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Social Capital, Economic Growth and Transition Economies

Author

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  • Svendsen, G.T.

Abstract

The notion of "social capital" was first introduced by the sociologist James Coleman in 1988. He defined it as "the ability of people to work togather for common purposes in groups and organizations". It is argued that a group with members that trust each other can accomplish more economic groth than a similar group without trust. In this way, Coleman has suggested that social capital is a new production factor which must be added to the conventional concepts of human and physical capital.

Suggested Citation

  • Svendsen, G.T., 1998. "Social Capital, Economic Growth and Transition Economies," Papers 98-2, Aarhus School of Business - Department of Economics.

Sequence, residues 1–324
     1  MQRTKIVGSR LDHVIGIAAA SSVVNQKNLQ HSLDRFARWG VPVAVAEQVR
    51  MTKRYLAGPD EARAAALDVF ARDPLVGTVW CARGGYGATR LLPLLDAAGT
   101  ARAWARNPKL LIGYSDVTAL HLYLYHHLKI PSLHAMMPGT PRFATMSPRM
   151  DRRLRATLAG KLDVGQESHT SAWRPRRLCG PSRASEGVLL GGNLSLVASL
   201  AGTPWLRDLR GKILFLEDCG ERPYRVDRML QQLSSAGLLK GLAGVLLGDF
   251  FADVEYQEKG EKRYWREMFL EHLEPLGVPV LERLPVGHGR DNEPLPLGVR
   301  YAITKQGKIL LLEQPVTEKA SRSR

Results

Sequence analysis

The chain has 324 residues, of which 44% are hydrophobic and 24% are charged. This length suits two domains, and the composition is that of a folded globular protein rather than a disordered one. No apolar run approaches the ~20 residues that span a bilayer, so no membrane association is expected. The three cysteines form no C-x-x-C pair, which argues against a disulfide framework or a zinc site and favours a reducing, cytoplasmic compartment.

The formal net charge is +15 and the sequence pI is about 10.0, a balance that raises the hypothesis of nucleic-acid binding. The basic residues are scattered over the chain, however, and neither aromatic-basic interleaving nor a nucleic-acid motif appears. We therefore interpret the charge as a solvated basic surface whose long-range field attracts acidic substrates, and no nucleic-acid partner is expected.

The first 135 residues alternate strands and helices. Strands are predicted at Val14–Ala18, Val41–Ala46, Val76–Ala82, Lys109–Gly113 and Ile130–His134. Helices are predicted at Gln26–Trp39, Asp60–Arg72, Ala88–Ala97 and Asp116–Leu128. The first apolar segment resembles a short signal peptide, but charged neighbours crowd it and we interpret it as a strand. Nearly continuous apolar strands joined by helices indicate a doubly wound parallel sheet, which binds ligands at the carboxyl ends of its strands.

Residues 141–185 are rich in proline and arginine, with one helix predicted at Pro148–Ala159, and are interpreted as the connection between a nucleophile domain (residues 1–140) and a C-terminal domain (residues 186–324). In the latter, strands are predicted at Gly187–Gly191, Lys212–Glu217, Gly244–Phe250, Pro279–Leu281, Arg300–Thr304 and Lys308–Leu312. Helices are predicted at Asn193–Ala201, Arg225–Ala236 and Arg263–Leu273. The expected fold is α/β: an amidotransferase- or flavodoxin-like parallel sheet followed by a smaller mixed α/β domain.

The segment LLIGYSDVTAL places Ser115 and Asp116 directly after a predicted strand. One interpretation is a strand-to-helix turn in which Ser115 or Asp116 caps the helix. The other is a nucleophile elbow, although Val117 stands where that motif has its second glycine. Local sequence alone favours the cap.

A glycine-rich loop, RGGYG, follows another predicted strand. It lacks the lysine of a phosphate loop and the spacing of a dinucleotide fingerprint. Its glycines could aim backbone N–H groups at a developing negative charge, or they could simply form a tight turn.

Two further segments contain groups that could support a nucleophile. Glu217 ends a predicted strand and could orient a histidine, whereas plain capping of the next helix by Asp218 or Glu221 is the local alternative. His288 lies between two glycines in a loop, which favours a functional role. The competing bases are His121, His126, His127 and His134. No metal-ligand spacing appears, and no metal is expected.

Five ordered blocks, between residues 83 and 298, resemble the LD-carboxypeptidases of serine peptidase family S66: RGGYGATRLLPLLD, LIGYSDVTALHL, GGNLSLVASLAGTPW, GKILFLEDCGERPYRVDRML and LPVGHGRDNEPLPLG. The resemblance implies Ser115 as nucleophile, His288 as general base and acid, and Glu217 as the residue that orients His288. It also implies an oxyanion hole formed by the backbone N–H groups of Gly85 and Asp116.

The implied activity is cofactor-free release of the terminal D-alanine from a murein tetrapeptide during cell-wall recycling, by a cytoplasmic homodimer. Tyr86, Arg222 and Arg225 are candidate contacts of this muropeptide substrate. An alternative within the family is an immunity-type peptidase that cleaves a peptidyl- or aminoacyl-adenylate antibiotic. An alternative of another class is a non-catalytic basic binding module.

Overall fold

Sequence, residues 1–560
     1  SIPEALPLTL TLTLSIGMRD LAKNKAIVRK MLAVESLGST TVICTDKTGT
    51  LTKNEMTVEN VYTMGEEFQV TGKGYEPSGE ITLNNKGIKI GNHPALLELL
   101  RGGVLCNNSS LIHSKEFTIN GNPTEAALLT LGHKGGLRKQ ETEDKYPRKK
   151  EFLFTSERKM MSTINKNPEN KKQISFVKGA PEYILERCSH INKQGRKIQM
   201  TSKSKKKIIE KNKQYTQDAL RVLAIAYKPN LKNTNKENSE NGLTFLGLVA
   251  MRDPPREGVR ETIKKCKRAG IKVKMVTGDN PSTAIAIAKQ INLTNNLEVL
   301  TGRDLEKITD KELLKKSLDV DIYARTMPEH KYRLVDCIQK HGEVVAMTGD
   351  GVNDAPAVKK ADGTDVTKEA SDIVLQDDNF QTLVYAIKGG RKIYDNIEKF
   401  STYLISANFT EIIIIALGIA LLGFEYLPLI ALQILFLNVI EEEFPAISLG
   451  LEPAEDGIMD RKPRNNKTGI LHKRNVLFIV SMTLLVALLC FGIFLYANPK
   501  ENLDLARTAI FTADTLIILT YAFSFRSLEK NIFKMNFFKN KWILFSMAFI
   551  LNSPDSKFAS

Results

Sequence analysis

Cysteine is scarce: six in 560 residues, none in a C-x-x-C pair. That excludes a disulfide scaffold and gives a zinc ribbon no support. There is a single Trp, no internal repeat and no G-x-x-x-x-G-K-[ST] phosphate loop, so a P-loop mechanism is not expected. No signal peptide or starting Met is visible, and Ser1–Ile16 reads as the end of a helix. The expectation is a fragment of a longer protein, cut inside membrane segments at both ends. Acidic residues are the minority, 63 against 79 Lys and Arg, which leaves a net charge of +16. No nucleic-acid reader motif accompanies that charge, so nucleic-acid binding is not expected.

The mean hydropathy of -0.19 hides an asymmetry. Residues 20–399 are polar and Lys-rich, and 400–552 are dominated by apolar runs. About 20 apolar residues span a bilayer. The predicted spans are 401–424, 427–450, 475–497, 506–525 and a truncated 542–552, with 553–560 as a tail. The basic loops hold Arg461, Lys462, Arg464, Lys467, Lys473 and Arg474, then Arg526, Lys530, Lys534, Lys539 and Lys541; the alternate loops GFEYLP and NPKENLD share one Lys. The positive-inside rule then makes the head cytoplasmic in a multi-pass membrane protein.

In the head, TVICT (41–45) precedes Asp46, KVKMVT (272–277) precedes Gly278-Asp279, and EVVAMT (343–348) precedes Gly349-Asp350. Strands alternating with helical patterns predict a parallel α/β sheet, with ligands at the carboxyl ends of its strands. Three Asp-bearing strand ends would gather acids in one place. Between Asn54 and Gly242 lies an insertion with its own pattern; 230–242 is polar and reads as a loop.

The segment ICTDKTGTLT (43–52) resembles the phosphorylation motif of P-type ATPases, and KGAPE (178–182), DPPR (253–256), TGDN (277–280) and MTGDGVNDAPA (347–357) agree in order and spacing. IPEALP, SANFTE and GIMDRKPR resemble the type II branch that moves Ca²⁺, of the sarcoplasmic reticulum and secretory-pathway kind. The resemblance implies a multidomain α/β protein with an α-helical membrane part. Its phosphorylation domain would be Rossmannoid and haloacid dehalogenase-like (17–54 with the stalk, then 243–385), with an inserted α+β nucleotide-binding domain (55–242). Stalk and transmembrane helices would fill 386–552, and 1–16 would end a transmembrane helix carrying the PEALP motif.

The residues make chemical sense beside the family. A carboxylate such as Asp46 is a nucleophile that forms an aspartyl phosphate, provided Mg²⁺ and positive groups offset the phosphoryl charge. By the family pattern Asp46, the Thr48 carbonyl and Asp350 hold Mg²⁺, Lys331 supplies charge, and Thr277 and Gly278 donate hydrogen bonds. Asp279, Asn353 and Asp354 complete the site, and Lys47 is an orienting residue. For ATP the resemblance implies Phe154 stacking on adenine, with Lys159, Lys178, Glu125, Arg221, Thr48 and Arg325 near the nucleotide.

• Handle: RePEc:fth:aascbu:98-2
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    Citations

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    Cited by:

    1. Bjørnskov, Christian & Svendsen, Gert Tinggaard, 2003. "Measuring social capital – Is there a single underlying explanation?," Working Papers 03-5, University of Aarhus, Aarhus School of Business, Department of Economics.
    2. Poulsen, Odile & Svendsen, Gert Tinggaard, 2004. "Social Capital and Market Centralisation: A Two-Sector Model," Working Papers 04-12, University of Aarhus, Aarhus School of Business, Department of Economics.
    3. Svendsen, Gert Tinggaard, 2003. "Social Capital, Corruption and Economic Growth: Eastern and Western Europe," Working Papers 03-21, University of Aarhus, Aarhus School of Business, Department of Economics.

    More about this item

    Keywords

    SOCIAL CHOICE ; INTEREST GROUPS ; ECONOMIC GROWTH;

    JEL classification:

    • D70 - Microeconomics - - Analysis of Collective Decision-Making - - - General
    • D71 - Microeconomics - - Analysis of Collective Decision-Making - - - Social Choice; Clubs; Committees; Associations
    • O47 - Economic Development, Innovation, Technological Change, and Growth - - Economic Growth and Aggregate Productivity - - - Empirical Studies of Economic Growth; Aggregate Productivity; Cross-Country Output Convergence

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